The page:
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Embodying spirits: village oracles and possession ritual in Ladakh, North India

Day, Sophie (1989) Embodying spirits: village oracles and possession ritual in Ladakh, North India. PhD thesis, London School of Economics and Political Science.

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Identification Number: 10.21953/lse.ay3j4qa22pgo


This thesis focuses upon village oracles in Buddhist Ladakh who provide ritual services to clients when they are in trance and possessed by gods. Village oracles are discussed in the context of a customary division made by Ladakhis between the lay and clerical components of their society. They are among the few layy ritual specialists and are consequently accorded less esteem than their monastic counterparts for they are associated with the lower reaches of the pantheon and with inferior ritual techniques. Moreover, Ladakhi village oracles attract suspicion because of the manner in which they are created. They are elected through affliction which is gradually, but only precariously, contained as the spirits responsible are domesticated in their human vessels. The process of initiation is seen in terms of the transformation of a probable demonic affliction into a capricious divine power. This process is analysed further through rituals associated with witchcraft possession and monastery oracles. Village oracles were once overwhelmed by affliction, like witchcraft victims, and it is never clear that these erstwhile patients have become healers, nor that they have turned their demons into gods. Village oracles are also related to practitioners in the monastery. The gods evoked by monastery oracles were converted to Buddhism in "historical" times and, today, they join the side of religion in the continuing conquest of enemies. The gods embodied by village oracles may also be seen as converts but, by comparison, their conversion is a much more uncertain affair. It is argued that village oracles are best understood in terms of their position in-between affliction in the village and a respected ritual power in the monastery. The analysis suggests similarities with spirit mediums elsewhere who are likewise associated with movements away from affliction towards ritual powers.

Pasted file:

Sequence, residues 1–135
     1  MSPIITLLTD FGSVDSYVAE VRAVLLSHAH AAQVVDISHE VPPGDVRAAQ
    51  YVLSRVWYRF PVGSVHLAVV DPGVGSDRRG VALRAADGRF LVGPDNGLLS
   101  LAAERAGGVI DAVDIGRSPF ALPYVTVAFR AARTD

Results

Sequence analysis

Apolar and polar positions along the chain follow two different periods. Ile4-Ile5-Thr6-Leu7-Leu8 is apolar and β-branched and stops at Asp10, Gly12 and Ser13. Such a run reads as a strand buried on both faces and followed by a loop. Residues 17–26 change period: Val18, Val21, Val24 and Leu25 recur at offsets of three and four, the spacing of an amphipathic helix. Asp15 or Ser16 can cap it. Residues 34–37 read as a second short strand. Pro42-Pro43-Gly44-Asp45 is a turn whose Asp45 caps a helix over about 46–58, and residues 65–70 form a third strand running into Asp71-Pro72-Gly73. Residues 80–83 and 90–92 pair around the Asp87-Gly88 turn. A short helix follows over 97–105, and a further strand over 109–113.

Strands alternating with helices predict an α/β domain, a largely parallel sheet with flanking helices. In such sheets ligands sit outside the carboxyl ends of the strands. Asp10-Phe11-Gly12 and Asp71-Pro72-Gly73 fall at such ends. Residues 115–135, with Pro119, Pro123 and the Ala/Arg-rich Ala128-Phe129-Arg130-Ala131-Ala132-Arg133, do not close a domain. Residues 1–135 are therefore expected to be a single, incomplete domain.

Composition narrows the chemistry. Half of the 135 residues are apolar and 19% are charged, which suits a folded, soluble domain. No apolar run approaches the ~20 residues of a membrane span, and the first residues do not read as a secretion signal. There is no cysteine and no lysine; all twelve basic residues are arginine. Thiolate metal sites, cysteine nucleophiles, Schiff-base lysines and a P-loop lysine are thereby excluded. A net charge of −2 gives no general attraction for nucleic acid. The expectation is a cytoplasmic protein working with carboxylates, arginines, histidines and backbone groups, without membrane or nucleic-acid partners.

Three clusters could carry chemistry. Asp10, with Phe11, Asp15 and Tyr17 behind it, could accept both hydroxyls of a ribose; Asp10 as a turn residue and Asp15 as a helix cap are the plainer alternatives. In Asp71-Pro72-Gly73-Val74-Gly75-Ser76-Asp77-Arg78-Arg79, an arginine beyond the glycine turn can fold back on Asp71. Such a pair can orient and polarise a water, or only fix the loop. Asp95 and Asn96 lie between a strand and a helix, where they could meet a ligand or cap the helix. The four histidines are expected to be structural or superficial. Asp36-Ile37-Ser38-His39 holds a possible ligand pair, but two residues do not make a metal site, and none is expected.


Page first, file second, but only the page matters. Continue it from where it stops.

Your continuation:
Item Type: Thesis (PhD)
Additional Information: © 1989 Sophie Day © CC BY-NC-ND 3.0
Library of Congress subject classification: G Geography. Anthropology. Recreation > GN Anthropology
Sets: Departments > Anthropology
Supervisor: Parry, Jonathan and Bloch, Maurice

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